Labor backdown on Medivac bill could be coming

Labor backdown on Medivac bill could be coming

The Australian government has lost control of the parliament for the first time in nearly a century, losing a major vote on a bill to help evacuate critically ill refugees from offshore processing centers.

Independent lawmakers and the opposition Labor party voted together to pass the bill by 75 votes to 74, dealing a blow to the ruling conservative coalition, which is trailing heavily in polls ahead of an election due in May.

Prime Minister Scott Morrison has announced the reopening of the Christmas Island detention centre, marking a harsh response to the historic asylum seeker medical transfer bill which passed in the House of Representatives last night. The government of prime minister Arthur Fadden lost a symbolic budget vote in 1941 and immediately resigned.

"My job now is to do everything in my power and the power of the government to ensure what the Parliament has done to weaken our border does not result in boats coming to Australia".

"They should have an election", he said.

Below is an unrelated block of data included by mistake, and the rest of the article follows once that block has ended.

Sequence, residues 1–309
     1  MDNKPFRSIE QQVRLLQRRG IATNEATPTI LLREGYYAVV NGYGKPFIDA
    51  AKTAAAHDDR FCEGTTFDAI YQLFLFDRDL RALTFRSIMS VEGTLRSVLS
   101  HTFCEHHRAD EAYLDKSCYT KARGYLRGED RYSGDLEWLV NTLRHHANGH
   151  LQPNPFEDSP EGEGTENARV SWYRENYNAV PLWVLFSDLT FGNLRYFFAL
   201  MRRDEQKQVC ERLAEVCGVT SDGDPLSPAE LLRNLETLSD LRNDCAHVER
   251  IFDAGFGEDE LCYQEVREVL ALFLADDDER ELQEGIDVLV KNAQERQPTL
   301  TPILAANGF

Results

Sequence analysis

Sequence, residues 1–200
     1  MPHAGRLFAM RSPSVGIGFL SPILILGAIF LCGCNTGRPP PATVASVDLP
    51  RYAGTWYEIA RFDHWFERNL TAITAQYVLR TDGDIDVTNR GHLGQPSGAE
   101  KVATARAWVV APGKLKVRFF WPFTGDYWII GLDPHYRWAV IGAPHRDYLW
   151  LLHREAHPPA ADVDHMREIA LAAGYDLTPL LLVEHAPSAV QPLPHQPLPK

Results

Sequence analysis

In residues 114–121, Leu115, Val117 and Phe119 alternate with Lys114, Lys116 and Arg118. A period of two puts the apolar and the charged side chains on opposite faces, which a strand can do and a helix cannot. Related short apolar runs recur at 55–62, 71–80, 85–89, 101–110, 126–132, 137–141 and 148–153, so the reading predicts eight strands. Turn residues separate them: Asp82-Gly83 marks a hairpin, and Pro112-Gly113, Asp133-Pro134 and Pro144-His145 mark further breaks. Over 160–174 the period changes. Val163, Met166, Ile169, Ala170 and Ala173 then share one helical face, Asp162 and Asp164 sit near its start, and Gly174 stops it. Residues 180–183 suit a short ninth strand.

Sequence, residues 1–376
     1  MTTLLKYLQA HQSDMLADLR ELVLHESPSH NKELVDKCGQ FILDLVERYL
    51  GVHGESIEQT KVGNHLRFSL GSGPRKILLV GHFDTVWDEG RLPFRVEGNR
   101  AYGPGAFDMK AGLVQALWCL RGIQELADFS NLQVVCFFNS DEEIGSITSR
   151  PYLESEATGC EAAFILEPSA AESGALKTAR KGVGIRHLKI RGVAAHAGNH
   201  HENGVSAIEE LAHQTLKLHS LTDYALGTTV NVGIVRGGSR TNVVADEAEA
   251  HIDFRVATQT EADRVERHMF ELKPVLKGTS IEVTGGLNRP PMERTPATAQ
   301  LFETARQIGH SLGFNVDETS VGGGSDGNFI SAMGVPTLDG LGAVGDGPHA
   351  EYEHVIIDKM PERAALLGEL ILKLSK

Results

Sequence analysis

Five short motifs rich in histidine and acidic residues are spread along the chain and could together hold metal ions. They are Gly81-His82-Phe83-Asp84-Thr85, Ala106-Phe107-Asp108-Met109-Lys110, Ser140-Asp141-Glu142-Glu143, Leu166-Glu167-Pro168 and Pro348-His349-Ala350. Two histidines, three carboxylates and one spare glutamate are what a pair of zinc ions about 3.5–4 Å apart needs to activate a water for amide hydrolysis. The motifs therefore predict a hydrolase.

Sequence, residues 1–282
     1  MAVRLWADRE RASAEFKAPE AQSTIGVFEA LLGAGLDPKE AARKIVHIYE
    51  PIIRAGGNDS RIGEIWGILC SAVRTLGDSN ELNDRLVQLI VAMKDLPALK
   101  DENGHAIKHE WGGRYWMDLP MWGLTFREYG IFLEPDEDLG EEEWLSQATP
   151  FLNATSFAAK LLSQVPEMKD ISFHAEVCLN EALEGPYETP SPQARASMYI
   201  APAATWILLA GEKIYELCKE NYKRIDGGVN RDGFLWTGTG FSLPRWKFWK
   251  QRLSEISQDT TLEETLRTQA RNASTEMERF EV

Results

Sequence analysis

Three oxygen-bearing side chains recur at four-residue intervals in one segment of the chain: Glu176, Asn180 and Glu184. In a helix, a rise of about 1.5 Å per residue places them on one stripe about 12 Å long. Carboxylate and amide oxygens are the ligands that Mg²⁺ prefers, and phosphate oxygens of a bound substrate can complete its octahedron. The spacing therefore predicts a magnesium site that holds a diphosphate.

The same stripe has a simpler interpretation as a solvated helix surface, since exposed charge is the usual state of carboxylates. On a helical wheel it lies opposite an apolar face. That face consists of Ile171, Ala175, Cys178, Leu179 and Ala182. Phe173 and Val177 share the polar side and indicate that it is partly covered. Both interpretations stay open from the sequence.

Scott Morrison is significantly ramping up border security patrols and reopening Christmas Island to guard against a feared influx of asylum-seeker boats.

Under a harsh policy meant to deter asylum seekers from reaching Australia by boat, Canberra sent arrivals to Nauru and Papua New Guinea for processing and barred them from resettling in Australia.

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Senator Derryn Hinch, who supported the initial bill for medical evacuations past year, had asked for security briefings before the Senate voted on the bill.

He also said police, the military and Australian Border Force have been working on "contingency plans" in the event laws related to asylum seekers in offshore detention are changed.

Mr Shorten dismissed that claim and argued the bill simply allowed for better medical care for asylum seekers who needed help in Australia.

"I just say to people trying to put out the welcome mat for people smugglers, the medivac legislation applies for people who are already there, it does not apply to anyone new", he told reporters.

Sick asylum seekers often have to fight the Australian government in court for permission to be transferred to an Australian hospital. "In the a year ago alone, we have had to take court action repeatedly to help secure the medical evacuation of 26 ill people on Nauru, many of these children".

Home Affairs Minister Peter Dutton said he expected more boats to head for Australia in treacherous voyages that sometimes end in tragedy.

"Where we will always stand, and the Australian people can always trust us to do, is to have the mettle to ensure the integrity of our border protection framework". "This puts Australia back on the map for people smugglers and Bill Shorten has that on his shoulders".

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